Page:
Delta Airlines is banning “pit bull type” dogs as part of its crackdown on service and emotional support animals — prompting howls of outrage from some dog lovers.
The new rules, effective July 10, also limit fliers to just one support or service animal per flight, the company said in a statement on Wednesday.
Pitbull owners took to Twitter to criticize Delta Airlines for what they argue is a biased and ill-informed policy.
“@Delta really? Shame! #Pitbull isn’t a breed. The problem isn’t the dogs. It’s people using the term ‘service animal’ for dogs that aren’t. A real service animal, is trained to be exceptionally well behaved & provide an actual valuable service,” tweeted TV host and model Daisy Fuentes.
“@Delta your new policy banning any ‘pit bull type’ service dogs is insulting. It’s based on misinformation and irrational fear. You continue to perpetuate a myth that furthers the suffering of the most tortured breed. My rescue pitbull Leo is disappointed in you” wrote animal lover Annie Brag.
“@Delta your ban on a species that is based on a handful of bad dogs is like banning a race based on a handful of a-holes. My #pitbull saves my life something your airline attendants wont do,” said Nikol G.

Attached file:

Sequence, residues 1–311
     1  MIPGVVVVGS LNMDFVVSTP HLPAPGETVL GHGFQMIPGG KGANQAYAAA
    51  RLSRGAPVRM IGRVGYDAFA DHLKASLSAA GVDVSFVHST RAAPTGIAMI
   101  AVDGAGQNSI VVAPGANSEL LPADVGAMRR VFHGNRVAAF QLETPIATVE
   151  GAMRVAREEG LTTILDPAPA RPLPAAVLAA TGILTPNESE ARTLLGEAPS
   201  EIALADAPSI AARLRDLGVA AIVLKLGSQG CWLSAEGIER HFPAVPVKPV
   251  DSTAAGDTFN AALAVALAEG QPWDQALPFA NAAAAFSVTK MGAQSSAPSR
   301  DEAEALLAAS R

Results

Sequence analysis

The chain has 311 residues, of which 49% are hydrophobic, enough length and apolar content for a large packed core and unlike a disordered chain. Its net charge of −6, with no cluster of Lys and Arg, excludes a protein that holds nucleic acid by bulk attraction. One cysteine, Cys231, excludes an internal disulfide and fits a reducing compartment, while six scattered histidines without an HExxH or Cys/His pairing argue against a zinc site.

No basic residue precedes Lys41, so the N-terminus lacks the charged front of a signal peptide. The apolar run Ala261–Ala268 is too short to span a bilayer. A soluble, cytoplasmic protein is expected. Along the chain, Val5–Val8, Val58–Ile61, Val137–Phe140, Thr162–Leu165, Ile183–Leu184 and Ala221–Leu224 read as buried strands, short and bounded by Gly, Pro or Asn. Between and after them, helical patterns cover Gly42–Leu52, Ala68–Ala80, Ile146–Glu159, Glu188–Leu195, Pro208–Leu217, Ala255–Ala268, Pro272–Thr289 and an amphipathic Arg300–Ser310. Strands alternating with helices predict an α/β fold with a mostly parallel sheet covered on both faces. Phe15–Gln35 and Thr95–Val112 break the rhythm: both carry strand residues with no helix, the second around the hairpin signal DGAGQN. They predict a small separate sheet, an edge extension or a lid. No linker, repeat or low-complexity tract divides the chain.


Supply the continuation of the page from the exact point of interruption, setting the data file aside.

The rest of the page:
Delta said the tighter rules “are the direct result of growing safety concerns following recent incidents in which several employees were bitten.” They cited an 84 percent increase in reported incidents involving service and support animals since 2016.
Delta carries 700 service or support animals daily — roughly 25,000 a year.
Last June, a Marine combat veteran’s 70-pound support dog mauled a passenger on a Delta flight boarding in Atlanta, the company said. The victim suffered severe facial injuries as a result of the attack.
Delta said passengers continue to abuse rules surrounding the transport of support animals.
“Customers have attempted to fly with comfort turkeys, gliding possums, snakes, spiders and more,” the company said. “Ignoring the true intent of existing rules governing the transport of service and support animals can be a disservice to customers who have real and documented needs.”